Solutions for Chapter 15.14: Splitting Diagrams Explain the Multiplicity of a Signal
Full solutions for Organic Chemistry | 7th Edition
Solutions for Chapter 15.14: Splitting Diagrams Explain the Multiplicity of a SignalGet Full Solutions
A carbon atom adjacent to a carbonyl group
Hydrocarbons that contain one or more carbon-carbon triple bonds. They have the general formula CnH2n22, where n 5 2,3, . . . . (24.2)
An oxide that exhibits both acidic and basic properties. (8.6)
Male sex hormones.
The slow oxidation of organic compounds that occurs in the presence of atmospheric oxygen.
A substance composed of two or more elements united chemically in definite proportions. (Section 1.2)
The number of adjacent atoms to which an atom is directly bonded. In a complex the coordination number of the metal ion is the number of donor atoms to which it is bonded. (Sections 12.37 and 24.2)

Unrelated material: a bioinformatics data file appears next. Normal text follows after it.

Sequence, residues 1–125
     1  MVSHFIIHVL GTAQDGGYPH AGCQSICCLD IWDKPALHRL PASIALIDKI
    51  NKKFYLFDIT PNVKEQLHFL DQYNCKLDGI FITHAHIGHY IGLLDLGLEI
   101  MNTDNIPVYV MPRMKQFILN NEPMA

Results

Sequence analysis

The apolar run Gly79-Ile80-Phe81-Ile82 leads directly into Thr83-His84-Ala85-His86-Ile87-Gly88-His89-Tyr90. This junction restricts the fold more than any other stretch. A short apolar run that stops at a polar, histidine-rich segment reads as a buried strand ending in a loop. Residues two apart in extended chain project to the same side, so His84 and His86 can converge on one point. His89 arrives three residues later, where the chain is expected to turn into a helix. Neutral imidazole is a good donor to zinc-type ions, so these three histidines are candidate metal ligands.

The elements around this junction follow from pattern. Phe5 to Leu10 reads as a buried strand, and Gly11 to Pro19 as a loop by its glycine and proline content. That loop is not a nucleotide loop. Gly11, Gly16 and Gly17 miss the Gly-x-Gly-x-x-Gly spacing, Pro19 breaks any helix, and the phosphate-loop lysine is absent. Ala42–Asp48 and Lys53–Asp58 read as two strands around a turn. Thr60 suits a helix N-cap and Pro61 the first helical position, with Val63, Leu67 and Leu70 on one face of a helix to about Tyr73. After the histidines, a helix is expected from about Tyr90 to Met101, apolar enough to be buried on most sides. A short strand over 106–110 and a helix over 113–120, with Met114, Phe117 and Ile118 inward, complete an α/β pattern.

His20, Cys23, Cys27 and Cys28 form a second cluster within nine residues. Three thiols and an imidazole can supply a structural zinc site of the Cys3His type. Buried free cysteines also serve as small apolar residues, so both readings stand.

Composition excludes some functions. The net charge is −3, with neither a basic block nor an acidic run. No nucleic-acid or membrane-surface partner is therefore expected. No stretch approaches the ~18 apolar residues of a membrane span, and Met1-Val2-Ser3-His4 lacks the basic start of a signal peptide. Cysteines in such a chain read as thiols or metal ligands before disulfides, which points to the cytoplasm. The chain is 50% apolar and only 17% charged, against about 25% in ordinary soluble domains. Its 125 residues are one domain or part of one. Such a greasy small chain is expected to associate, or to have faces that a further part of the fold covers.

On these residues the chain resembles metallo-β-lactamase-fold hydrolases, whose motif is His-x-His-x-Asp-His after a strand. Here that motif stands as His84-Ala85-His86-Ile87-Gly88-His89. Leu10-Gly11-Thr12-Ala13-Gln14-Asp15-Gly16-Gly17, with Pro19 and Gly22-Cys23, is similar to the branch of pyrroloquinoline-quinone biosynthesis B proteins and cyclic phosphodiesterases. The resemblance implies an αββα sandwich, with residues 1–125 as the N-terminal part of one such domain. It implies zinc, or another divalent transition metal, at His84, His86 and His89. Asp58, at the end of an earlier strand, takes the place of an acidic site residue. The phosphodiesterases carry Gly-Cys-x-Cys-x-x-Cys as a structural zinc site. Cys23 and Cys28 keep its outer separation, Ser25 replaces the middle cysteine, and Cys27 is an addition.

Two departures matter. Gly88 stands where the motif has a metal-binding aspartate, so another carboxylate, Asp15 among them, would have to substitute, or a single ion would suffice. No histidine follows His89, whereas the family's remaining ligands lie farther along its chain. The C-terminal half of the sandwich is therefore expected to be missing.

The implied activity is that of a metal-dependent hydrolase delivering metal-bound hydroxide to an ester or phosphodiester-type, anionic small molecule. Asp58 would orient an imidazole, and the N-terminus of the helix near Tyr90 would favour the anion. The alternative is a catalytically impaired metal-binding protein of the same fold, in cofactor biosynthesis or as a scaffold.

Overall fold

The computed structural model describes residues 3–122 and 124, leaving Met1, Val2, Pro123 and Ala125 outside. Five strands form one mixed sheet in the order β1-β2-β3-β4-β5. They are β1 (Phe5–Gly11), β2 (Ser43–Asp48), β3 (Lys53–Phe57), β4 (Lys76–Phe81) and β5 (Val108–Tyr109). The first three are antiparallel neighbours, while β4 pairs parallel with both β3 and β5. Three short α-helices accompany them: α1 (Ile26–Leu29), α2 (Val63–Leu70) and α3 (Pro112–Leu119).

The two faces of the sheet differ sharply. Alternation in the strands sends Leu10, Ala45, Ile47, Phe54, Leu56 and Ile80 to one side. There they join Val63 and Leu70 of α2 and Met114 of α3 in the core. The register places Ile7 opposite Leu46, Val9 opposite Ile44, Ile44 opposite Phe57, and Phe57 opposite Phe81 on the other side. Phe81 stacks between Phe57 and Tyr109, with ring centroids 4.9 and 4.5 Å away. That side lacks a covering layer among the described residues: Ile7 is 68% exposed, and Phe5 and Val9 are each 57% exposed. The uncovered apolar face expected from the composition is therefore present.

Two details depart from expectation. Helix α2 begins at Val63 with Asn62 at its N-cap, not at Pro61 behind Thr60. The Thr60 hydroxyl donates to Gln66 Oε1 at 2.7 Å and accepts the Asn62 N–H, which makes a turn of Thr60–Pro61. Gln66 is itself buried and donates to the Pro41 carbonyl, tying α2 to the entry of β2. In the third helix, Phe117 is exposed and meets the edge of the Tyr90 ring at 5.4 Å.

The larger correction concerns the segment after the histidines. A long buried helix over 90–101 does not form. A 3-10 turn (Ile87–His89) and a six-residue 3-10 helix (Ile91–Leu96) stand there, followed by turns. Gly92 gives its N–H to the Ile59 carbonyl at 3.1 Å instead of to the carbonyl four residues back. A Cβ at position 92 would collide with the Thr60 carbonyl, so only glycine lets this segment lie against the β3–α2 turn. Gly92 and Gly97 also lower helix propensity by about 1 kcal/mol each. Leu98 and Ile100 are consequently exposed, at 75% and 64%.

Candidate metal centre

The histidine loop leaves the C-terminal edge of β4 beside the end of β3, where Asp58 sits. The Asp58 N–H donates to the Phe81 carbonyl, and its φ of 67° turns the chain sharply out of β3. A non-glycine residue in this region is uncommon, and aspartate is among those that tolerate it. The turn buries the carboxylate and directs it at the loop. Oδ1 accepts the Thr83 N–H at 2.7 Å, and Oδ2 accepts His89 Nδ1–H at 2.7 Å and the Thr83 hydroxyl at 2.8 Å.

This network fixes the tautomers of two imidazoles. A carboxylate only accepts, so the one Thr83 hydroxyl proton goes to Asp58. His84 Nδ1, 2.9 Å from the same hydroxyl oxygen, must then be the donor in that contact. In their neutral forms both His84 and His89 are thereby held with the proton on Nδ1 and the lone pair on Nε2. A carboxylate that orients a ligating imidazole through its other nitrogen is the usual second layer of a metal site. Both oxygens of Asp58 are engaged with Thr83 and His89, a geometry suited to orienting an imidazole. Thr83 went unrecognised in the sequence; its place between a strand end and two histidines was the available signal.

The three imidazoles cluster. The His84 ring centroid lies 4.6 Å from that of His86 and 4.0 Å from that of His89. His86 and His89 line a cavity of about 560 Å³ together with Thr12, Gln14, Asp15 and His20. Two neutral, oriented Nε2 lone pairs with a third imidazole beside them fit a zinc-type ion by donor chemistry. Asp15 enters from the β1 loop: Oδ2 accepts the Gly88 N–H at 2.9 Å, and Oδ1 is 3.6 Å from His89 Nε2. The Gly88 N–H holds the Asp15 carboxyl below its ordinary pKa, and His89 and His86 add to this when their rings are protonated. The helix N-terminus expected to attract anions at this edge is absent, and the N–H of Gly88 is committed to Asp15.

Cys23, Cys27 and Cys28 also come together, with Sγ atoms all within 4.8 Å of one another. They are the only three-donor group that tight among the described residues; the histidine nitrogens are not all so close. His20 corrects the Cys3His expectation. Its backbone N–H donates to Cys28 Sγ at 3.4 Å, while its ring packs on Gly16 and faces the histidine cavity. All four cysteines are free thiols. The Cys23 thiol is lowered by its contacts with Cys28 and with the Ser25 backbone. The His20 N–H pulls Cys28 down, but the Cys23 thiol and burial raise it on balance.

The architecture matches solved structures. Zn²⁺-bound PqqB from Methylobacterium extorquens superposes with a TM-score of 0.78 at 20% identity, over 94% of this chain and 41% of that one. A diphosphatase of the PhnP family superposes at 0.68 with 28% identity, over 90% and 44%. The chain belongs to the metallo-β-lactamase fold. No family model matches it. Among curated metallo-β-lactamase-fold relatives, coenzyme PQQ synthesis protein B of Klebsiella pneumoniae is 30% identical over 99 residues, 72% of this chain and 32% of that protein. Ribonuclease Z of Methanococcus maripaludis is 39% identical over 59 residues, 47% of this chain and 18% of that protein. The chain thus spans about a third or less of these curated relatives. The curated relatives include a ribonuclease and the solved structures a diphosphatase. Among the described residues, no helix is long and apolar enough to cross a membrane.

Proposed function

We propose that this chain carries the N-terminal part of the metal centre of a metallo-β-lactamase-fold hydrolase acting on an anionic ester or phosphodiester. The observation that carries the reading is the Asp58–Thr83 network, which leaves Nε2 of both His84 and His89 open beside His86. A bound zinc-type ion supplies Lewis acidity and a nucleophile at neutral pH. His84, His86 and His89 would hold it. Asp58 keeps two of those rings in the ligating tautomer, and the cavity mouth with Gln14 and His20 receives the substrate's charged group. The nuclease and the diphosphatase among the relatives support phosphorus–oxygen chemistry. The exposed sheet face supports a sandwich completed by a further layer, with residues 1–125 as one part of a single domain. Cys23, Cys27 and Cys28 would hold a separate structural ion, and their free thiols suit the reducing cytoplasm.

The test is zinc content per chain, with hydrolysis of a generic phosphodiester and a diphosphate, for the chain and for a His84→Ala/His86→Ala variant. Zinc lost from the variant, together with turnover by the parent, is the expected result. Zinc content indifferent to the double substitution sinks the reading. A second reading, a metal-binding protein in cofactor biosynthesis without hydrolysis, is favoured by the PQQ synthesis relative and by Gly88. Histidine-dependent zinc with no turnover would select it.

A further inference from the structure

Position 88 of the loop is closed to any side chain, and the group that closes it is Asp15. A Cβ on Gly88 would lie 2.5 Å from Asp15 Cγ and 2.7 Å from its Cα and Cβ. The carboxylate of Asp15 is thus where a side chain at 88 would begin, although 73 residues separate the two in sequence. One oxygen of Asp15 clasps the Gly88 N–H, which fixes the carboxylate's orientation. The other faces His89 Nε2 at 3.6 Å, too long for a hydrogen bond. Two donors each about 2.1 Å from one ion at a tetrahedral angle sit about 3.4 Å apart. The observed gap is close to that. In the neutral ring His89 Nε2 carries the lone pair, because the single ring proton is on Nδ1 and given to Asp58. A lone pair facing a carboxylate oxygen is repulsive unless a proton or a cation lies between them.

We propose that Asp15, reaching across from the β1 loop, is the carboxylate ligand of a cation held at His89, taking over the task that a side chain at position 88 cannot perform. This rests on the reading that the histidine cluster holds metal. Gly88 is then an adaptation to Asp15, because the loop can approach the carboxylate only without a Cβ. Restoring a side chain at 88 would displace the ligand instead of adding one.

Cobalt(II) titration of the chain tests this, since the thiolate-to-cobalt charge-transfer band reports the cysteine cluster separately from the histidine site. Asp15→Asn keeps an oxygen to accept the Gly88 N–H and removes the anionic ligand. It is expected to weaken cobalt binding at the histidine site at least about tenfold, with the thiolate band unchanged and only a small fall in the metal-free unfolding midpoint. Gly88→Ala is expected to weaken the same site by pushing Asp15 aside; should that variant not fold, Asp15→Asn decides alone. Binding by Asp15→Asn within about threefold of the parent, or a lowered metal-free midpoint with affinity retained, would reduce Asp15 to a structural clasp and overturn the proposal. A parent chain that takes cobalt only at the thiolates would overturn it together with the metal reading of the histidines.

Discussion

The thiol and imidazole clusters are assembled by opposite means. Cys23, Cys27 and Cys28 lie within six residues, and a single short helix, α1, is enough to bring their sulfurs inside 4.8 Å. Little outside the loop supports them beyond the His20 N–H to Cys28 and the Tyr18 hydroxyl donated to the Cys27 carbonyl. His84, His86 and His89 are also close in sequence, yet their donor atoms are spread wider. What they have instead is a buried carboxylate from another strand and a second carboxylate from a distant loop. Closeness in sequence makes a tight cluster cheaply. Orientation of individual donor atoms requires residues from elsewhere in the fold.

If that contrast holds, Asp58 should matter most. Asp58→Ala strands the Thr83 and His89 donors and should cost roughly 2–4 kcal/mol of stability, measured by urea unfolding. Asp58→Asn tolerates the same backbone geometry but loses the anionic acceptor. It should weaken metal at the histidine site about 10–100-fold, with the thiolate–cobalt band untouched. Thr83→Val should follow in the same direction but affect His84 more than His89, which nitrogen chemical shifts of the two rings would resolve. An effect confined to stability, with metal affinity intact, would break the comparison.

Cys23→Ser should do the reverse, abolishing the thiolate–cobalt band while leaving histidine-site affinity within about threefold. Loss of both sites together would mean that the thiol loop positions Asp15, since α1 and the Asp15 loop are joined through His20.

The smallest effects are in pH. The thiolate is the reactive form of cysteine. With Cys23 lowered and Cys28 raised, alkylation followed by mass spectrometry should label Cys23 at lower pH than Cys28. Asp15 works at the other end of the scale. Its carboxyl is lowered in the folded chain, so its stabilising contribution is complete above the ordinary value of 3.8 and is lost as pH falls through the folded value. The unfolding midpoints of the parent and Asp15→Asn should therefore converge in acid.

B2H6. A dimeric structure formed when one borane molecule reacts with another.
Incorporation of a hetero atom into a solid to change its electrical properties. For example, incorporation of P into Si. (Section 12.7)
Atoms or groups on an atom that give a chiral center when one of the groups is replaced by another group. A pair of enantiomers results. The hydrogens of the CH2 group of ethanol, for example, are enantiotopic. Replacing one of them by deuterium gives (R)-1-deuteroethanol; replacing the other gives (S)-1-deuteroethanol. Enantiotopic groups have identical chemical shifts in achiral environments but different chemical shifts in chiral environments.
A steroid hormone, such as estrone and estradiol, that mediates the development of sexual characteristics in females.
The combination of atomic orbitals of different types
A compound containing two carbon-carbon p bonds that are separated by two or more s bonds.
An ion or molecule that coordinates to a metal atom or to a metal ion to form a complex. (Section 23.2)
A CH group.
A rule stating that bonded atoms tend to possess or share a total of eight valence-shell electrons. (Section 8.1)
R (Section 3.3)
From the Latin, rectus, straight, correct; used in the R,S convention to show that the order of priority of groups on a chiral center is clockwise.
A carbohydrate that reacts with an oxidizing agent to form an aldonic acid. In this reaction, the carbohydrate reduces the oxidizing agent.
The stabilization associated with the delocalization of electrons via resonance.
The manner in which a protein is coiled or stretched. (Section 24.7)